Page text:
April 7, 2005

Posters in the Rotunda: A Celebration of Undergraduate Research

Remarks by Ms. Amanda Lederer

I would like to thank everyone for coming today. I'm honored to have been selected to speak on behalf of the UW students involved in undergraduate research. I would like to give special thanks to Governor Jim Doyle and the legislators for their support of higher education, (and) to the UW System Board of Regents, UW System administrators, and the chancellors of all the campuses for their support of undergraduate research. I would also like give a special thank you to UW - Platteville Chancellor David Markee and my research advisor, Dr. Kristopher Wright.

As a sophomore at UWP, I was recommended by the UW-Platteville Biology Department, and selected, for a summer internship at the Great Lakes WATER Institute in Milwaukee, Wisconsin. For 12 weeks I was involved with charting the migration of an invasive fish and its impacts on macroinvertebrates in Green Bay. At the conclusion of this internship, I presented my project to the senior research scientists working at the WATER Institute, and have co-authored a written research paper that is pending publication at this time. I presented this project at the 2004 American Fisheries Society National Conference in Madison.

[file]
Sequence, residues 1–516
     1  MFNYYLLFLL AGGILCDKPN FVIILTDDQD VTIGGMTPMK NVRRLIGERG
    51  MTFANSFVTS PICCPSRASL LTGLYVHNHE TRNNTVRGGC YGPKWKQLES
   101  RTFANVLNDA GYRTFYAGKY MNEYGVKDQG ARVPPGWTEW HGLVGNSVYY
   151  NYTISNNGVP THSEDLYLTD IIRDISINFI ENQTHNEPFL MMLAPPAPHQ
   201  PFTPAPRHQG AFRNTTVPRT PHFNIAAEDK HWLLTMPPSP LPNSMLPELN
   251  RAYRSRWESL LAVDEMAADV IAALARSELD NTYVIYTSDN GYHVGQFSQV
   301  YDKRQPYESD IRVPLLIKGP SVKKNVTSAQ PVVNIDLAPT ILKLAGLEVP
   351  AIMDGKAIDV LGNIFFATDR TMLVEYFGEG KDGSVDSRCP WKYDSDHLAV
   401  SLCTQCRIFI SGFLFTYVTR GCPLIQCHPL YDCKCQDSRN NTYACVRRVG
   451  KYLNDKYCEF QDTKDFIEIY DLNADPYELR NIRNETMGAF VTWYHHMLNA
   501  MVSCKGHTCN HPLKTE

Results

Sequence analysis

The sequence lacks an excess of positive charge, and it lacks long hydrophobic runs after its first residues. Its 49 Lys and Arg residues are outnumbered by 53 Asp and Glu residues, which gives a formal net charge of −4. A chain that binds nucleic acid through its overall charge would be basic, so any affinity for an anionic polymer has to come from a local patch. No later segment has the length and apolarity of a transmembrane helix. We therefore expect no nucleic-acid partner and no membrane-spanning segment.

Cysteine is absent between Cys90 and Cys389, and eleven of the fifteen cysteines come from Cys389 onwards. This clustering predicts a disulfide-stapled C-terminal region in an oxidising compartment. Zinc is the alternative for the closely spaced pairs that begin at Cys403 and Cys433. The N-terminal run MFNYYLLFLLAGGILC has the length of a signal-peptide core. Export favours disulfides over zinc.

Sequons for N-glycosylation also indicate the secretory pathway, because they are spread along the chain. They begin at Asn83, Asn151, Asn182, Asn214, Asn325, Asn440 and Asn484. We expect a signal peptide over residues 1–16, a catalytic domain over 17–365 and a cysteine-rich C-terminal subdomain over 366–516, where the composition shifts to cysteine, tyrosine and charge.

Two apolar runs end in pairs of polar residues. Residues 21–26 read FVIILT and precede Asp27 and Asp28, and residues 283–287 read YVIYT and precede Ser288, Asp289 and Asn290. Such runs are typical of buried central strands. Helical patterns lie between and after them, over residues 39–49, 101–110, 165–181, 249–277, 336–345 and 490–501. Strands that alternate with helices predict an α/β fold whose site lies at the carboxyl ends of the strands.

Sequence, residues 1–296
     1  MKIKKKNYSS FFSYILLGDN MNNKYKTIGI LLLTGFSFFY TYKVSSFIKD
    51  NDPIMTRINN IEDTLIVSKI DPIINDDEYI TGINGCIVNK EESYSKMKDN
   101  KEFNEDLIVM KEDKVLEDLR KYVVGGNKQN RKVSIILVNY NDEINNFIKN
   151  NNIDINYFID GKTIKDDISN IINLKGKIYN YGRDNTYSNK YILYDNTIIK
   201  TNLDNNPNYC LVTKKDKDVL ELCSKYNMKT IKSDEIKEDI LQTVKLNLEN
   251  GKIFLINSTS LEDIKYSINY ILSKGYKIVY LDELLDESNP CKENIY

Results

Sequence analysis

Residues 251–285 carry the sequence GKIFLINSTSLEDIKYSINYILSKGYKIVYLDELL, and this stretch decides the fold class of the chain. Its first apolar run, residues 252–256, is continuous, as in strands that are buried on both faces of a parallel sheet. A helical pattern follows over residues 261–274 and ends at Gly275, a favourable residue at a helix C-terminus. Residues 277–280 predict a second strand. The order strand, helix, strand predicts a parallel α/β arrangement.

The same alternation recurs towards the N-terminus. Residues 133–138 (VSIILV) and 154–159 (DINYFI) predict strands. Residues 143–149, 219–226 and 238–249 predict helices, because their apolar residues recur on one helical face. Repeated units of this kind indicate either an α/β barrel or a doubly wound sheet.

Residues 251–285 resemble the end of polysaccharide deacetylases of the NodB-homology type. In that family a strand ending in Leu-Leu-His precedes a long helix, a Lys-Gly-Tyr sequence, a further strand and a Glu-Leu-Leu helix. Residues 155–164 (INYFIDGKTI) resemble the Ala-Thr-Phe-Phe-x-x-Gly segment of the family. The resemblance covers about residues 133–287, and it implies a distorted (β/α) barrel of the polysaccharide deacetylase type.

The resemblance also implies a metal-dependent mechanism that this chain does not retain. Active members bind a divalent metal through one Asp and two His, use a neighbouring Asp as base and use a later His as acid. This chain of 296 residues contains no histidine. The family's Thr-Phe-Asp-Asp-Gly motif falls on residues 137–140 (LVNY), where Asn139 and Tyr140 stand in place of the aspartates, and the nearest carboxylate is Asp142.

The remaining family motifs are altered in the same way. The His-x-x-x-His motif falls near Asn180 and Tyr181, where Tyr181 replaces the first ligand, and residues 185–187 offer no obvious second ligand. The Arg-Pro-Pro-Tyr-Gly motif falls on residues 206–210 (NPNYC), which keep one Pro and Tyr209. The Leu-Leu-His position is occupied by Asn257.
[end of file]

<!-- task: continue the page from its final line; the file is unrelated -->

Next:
In the spring of 2004, UW-Platteville nominated me for a scholarship from a local chapter of Trout Unlimited. I worked during the summer with an Intern Advisor on the Blue River Restoration Project. This project looked at the immediate changes in river/riparian habitat, macroinvertebrate and fish communities due to restoration. In addition, I completed a formal presentation to Trout Unlimited and am currently working on written report. My findings on this study are being presented today.

Undergraduate research has been very important to me. It has not only opened many doors for me, but I have gained a better understanding of science through hands-on experience. My experiences with undergraduate research have given me the ability to determine if a career in science was the right choice for me. I have been able to meet and work with a variety of people ranging from senior research scientists to the common trout fisherman. My data has given them a platform for future studies and changes that may impact the environment.

As a graduating senior this May, I plan on continuing my research at the graduate level. Without my undergraduate research experiences I would not feel prepared to pursue this level of education. I encourage all of you, the students, to stay involved in any type research available. What you gain from your research is truly an awarding experience and one that I am happy to have experienced.